What do Preschools Teach?
In spite of the excellent educational record of good preschools, there are still people think that “the children only play and don’t really LEARN anything”. We list here a few of the informational items and attitudes taught in preschools.
A. QUANTITATIVE CONCEPTS:
- The teacher carefully guides the children into systematic number thinking: through counting blocks or each other, through taking turns, etc., they gain understanding of cardinal and ordinal meanings as well as the serial order of numbers.
- Children learn to understand more, less, bigger, smaller, taller, shorter, heavier, and lighter through practical situations. They measure one thing against another, e.g. “two of these blocks make one of those.”
- They learn before, after, soon, now, morning, afternoon, yesterday. The names of the months become familiar and they come to think of the year as a succession of four seasons and a recurrence of familiar holidays.
B. LANGUAGE TRAINING:
- Children are encouraged to talk with the teacher and with each other, learning new words and skill in communication. Vocabulary is also built through carefully planned new experiences associated with the appropriate words, group discussions, language games, and the telling and reading of many stories and poems.
- An interest in and desire for reading is cultivated. They are taught the proper care of books.
C. SCIENTIFIC INFORMATION AND HABITS:
- Children learn much about the physical properties of things about them and of their own bodies, and “how things work”. They learn what makes a structure stable, how to steer wheeled vehicles, how a lever (see-saw) operates, how to use a pulley, magnet, or magnifying glass.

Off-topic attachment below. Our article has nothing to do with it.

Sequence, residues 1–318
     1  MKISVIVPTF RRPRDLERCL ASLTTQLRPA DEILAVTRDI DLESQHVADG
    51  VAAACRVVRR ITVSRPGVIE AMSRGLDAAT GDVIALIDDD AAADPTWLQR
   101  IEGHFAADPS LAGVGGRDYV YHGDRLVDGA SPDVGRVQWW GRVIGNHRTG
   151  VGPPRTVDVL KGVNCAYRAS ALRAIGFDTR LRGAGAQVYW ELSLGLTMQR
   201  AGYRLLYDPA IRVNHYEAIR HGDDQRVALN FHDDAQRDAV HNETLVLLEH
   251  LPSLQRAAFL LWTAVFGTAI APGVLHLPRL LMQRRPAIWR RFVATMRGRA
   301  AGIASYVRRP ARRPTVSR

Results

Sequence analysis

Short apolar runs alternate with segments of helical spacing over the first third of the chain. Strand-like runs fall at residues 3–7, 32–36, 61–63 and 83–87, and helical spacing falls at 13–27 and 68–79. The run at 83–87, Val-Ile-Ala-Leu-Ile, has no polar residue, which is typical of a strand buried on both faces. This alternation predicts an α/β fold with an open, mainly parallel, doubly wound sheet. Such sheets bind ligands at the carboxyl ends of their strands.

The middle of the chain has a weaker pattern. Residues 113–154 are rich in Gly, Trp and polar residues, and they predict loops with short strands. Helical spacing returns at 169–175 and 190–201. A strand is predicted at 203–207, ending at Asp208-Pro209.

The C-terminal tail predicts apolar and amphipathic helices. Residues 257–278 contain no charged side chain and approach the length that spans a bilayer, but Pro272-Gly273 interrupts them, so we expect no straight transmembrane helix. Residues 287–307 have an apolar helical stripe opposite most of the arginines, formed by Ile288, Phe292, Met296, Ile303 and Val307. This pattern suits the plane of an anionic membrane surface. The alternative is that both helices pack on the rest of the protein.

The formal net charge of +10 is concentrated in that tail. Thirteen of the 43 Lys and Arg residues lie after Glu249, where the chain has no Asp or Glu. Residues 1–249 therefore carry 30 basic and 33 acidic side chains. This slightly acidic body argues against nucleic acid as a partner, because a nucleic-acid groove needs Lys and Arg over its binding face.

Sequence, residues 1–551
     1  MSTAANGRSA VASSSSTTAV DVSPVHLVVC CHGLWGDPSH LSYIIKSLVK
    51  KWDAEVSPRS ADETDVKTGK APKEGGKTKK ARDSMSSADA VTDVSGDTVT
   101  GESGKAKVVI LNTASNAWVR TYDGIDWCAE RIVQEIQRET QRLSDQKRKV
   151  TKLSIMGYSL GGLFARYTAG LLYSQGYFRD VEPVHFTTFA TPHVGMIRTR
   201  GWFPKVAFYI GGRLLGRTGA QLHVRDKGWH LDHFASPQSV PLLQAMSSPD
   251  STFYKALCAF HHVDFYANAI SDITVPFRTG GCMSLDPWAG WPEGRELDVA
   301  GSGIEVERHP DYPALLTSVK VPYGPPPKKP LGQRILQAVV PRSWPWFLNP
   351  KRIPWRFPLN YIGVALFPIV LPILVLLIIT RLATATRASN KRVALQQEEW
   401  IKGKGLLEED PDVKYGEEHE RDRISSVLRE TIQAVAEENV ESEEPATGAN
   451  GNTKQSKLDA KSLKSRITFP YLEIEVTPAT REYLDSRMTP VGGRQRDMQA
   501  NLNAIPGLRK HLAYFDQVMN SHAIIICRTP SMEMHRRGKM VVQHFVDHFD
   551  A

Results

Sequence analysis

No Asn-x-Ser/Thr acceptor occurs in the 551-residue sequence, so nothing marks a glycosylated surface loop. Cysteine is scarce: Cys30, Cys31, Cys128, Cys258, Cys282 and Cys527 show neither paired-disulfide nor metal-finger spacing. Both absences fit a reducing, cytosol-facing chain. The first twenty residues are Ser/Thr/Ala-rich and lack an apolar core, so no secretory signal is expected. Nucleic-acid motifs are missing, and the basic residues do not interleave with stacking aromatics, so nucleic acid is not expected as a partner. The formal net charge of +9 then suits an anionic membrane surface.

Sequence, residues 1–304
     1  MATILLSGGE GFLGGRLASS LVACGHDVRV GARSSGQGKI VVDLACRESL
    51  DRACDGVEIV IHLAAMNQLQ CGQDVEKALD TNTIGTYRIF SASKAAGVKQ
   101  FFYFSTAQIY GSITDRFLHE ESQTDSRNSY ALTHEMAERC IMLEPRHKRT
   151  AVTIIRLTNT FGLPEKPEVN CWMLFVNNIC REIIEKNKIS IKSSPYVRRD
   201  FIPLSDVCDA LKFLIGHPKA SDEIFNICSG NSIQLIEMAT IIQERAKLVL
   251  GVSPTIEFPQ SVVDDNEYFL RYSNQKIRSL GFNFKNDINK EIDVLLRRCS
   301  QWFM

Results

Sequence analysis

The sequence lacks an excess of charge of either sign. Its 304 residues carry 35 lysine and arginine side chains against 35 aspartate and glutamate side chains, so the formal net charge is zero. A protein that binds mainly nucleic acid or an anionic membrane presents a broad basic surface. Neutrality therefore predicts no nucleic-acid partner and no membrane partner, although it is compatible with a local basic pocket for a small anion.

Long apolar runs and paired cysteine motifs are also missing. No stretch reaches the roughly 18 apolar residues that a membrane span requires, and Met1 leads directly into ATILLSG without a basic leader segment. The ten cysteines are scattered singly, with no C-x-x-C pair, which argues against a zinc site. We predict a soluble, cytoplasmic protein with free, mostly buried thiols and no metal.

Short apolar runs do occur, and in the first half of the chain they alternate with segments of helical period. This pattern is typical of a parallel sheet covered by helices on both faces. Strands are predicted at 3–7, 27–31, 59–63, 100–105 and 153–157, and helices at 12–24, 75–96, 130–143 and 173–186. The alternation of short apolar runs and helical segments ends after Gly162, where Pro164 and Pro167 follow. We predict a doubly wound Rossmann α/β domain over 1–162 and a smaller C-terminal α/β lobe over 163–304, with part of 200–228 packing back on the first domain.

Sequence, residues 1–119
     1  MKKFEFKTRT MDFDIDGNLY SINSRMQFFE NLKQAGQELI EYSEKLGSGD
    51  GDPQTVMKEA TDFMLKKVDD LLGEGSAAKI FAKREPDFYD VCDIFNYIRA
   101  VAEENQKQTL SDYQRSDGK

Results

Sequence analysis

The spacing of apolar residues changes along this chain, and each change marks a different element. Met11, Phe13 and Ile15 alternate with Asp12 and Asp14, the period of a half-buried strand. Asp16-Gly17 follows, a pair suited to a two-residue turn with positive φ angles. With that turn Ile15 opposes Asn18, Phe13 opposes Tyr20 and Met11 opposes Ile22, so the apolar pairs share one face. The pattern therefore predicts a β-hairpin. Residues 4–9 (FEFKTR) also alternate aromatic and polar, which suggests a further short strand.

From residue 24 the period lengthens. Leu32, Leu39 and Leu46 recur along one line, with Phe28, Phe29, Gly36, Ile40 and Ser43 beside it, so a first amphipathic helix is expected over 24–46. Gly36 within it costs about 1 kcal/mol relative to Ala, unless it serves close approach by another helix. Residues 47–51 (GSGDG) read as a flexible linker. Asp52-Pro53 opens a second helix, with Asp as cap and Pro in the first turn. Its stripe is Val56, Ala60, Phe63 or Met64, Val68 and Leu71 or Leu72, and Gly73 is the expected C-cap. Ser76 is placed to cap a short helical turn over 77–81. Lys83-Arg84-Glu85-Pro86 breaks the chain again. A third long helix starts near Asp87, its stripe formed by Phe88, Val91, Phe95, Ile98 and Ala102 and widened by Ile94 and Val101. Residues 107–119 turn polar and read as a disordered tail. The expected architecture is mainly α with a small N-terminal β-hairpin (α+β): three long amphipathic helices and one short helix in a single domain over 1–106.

- They learn about the needs, habits and life cycle of various plants and pets and about wind, weather, heat and other natural forces.
- Above all they learn reasonableness, accurate observation, the exercise of judgment, to seek answers, and to carry through simple experiments.
D. OTHER LEARNINGS:
- Music: Children learn to enjoy listening to music, singing songs, playing simple instruments, creating music through rhythmic responses.
- Art: They learn to handle various art materials creatively and expressively.
- Sensory Training: Through guided observation they learn to notice differences and similarities in color, shape, pitch, etc. Visual acuity and eye-hand coordination are taught through puzzles and games, through study of pictures, etc. Auditory training comes through music, language and other activities.
- Memory is cultivated through discussions of past events and through learning games, poems, songs, etc.
- Social Attitudes: They learn favorable attitudes toward one another, towards teachers, and toward learning; ability to function in a group, to listen to others, to await one’s turn to cooperate, to assume responsibility, to concentrate on a task, and to follow direction.